It’s common for most mosquitoes to be active around dawn and dusk and to rest in vegetation or in protected areas during the heat of the day. These resting areas are commonly called harborages and should be targeted no matter what type of mosquito or adulticide application is conducted. Aedes albopictus, the Asian tiger mosquito (Figure 3), is a common pest across the state and is a species many homeowners encounter because of their daytime biting behavior. Tiger mosquito populations often seem to be most prevalent in the lower (downhill) sections of neighborhoods, often along creek bottoms and drainage swales where privet thickets (Ligustrum japonicum) occur and in areas where thick, low vegetation like English ivy (Hedera helix) are present. Other species of mosquitoes also will rest in vegetation and feed on hosts that approach the vegetation where they are hiding. No matter the species being targeted, spray applications should be conducted in the last hour before sunset or after dark, when thermal currents won’t carry the insecticide droplets upward and away from the areas of mosquito activity. By applying adulticides later in the day, we minimize the risk of contact with pollinators, which usually return to their nests or hives by late afternoon.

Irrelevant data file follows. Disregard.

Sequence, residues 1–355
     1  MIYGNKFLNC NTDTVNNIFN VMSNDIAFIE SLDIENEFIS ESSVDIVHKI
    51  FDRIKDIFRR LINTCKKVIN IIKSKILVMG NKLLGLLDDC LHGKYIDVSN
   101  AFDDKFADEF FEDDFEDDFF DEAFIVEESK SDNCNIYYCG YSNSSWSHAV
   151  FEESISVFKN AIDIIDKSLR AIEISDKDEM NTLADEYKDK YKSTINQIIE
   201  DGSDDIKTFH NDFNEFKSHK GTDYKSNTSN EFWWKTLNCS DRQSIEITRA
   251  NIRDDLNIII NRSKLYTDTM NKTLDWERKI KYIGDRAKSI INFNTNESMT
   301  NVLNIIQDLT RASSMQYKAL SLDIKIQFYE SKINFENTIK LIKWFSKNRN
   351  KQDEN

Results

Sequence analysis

Figure 3. Aedes albopictus.
Aerosol foggers are the most basic space-spray technique residents can use to suppress adult mosquito populations. These devices produce a small spray-cloud of insecticide droplets that can reduce the number of active mosquitoes. However, the effects are very localized and temporary, and this is the least economical approach to adult mosquito control. Small electric, propane, or gas-powered foggers are available from many home supply stores and are a more efficient approach. These devices are basically a miniaturized version of the foggers used for wide-scale adulticide applications and are effective and easy to use. The label is the law for all pesticide applications, and this is particularly true for fogging applications when insecticide droplets are being released into the environment. Particular caution should be used around flowering vegetation and areas known to have beehives. Flowering vegetation should never be treated. It is important that the person making the application carefully read the instructions and safety precautions. More information on controlling mosquitoes while protecting pollinators is available in UGA Extension Circular 1188, The Intersection of Mosquito Management and Pollinator Protection.